You’re an abundance of different qualities that make you…well you. I don’t know what they are, because I don’t know you personally. But, do me a favor and reflect on them. If you’re having trouble, consult five of the closest people in your life – make sure these people come from different parts of your life: work, family, childhood friends, adult friends, etc. Why? Because your radiance manifests in different ways with different people in different settings.

Back to the visualisation. You, my friend, are a Baby Grand Piano. In this scenario, I mean it quite literally. And no matter how hard you try to squeeze yourself (a Baby Grand Piano) into a 600-square foot apartment, it just won’t fit. Because it just doesn’t belong in that environment.

In the same vein, you can’t shrink yourself to make others happy. It’s a futile task. No matter how much you try to diminish yourself, your joie de vivre, your truth, and your sparkle, someone will find fault in the way you’re designed. If the person you’re talking to has an apartment mentality, it’s their loss if they don’t see your brilliance.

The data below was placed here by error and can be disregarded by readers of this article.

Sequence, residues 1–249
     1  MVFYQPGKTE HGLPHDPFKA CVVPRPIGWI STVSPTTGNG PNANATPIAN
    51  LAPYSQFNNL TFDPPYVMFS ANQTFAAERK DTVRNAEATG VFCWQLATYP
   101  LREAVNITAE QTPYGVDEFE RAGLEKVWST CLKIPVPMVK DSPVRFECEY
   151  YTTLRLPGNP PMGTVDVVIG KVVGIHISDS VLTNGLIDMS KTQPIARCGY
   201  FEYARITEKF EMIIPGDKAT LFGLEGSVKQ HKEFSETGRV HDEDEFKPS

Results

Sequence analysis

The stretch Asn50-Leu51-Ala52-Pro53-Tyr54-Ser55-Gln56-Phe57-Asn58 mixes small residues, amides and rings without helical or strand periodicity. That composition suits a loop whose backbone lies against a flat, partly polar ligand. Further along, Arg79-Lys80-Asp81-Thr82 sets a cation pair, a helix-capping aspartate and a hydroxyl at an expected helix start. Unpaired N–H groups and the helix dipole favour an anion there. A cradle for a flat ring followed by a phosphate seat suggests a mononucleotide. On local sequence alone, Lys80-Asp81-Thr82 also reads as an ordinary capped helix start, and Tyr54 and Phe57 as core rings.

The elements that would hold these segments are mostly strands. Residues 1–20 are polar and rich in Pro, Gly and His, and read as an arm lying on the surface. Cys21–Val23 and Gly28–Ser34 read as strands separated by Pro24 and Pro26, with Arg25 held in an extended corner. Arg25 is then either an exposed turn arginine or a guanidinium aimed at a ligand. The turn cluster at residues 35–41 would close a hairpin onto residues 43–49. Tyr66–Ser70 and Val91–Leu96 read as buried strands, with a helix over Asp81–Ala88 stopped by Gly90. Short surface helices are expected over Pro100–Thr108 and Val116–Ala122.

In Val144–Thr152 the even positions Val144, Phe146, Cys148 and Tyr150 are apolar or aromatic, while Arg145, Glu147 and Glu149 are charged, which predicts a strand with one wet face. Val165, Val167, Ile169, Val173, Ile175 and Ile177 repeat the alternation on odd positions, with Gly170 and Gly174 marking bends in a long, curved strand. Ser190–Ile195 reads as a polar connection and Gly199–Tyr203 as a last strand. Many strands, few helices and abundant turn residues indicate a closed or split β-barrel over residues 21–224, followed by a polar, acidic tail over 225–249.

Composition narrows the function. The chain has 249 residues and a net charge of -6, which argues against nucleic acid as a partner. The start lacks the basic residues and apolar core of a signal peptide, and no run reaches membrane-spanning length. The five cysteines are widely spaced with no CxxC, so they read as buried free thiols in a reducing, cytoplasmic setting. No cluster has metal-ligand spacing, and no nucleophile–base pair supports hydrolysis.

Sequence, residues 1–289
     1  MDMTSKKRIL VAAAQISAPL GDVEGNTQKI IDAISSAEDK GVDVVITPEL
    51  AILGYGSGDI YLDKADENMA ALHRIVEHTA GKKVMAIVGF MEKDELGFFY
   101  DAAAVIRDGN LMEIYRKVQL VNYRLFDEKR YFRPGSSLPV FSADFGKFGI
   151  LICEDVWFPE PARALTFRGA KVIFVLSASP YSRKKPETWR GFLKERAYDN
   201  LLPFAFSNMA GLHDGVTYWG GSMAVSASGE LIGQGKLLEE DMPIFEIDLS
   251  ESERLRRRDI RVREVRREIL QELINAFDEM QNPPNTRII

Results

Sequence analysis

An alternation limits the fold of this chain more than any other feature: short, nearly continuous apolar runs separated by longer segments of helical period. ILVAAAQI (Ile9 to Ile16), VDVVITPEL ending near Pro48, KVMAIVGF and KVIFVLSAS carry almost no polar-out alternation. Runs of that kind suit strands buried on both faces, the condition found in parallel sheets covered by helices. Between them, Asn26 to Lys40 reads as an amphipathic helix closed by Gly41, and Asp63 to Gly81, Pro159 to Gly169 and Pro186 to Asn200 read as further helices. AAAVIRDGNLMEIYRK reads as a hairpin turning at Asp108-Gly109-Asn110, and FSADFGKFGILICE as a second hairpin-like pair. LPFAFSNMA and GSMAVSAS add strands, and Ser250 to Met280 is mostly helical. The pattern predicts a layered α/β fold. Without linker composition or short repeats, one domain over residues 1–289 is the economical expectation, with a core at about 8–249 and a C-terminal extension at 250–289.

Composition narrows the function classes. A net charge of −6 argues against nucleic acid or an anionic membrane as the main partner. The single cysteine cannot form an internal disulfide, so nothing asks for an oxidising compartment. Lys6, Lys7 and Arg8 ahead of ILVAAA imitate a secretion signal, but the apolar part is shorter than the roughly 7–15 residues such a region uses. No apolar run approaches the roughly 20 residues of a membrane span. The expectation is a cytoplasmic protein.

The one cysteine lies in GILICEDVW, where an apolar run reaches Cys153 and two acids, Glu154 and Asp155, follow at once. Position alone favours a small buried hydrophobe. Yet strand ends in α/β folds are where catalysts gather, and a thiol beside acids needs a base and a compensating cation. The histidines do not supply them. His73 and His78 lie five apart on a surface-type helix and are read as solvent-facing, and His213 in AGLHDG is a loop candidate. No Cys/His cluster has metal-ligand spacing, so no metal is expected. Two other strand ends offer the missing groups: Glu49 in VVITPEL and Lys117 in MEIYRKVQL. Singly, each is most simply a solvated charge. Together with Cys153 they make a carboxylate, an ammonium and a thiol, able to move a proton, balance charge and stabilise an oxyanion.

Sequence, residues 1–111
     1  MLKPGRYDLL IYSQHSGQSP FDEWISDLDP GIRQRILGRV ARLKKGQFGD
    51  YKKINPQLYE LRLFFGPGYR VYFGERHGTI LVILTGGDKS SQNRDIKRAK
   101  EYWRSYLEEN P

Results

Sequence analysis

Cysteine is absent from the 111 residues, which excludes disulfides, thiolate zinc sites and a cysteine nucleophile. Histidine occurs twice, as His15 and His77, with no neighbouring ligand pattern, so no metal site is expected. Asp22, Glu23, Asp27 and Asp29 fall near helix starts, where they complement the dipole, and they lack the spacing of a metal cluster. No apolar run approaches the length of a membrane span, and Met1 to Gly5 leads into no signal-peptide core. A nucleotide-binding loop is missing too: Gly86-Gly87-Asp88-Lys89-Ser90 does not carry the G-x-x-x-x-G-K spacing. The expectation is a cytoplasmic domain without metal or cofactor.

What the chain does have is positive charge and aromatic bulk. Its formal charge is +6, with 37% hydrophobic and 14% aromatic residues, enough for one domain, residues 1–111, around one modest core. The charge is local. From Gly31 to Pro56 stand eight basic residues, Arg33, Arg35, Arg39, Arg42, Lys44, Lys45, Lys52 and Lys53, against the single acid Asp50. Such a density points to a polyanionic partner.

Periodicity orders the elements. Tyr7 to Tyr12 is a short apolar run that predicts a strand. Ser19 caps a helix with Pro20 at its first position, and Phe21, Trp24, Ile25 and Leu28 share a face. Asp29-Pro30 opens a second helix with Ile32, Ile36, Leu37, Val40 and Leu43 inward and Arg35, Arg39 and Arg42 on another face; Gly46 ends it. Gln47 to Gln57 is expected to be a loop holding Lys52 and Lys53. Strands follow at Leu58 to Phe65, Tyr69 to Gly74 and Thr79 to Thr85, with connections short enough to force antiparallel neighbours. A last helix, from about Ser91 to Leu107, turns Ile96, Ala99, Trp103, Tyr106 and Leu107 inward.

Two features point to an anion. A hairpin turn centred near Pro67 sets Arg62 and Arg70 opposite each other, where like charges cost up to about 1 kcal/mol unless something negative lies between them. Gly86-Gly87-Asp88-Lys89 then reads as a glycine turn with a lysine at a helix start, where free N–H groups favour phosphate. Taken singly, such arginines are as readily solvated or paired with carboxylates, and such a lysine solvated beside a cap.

Come as you are – Baby Grand Piano and all. The truth is, shifting your perspective from convincing others of your worthiness to walking tall in your confidence all depends on how you see yourself. Personally, I’ve always envisioned myself as a light pink Baby Grand Piano with a deep, raspberry velvet button-tufted seat. I know I’m not for everyone, but, that’s no reason to despair – it’s actually reason to celebrate my whole damn self. The same is true for you.

Surround yourself with people who are honored by your presence. After all, this life is yours. And I’ll be damned if you allow yourself to morph into an electronic keyboard to appease anyone but yourself.

Learning to love yourself is a practice of learning to see yourself for everything you are and everything you’re becoming. You just have to believe – unequivocally – in your own personal power. And if you’re having a hard time seeing it, start by envisioning the Baby Grand Piano.

You’re Grand, Baby.

About Yasamin

Yasamin Salavatian is a Storytelling Strategist and Positioning Coach who partners with transformational coaches, educators, and creative entrepreneurs to bring words to their vision. She willfully challenges traditional marketing rhetoric, personalizing brand communications to fit like a glove. Her raison d’être? Differentiating brands from the sea of well, let’s face it – DRAB!

This article originally appeared in issue 50 of Rock n Roll Bride magazine. You can purchase the latest copy here, or why not subscribe to never miss an issue?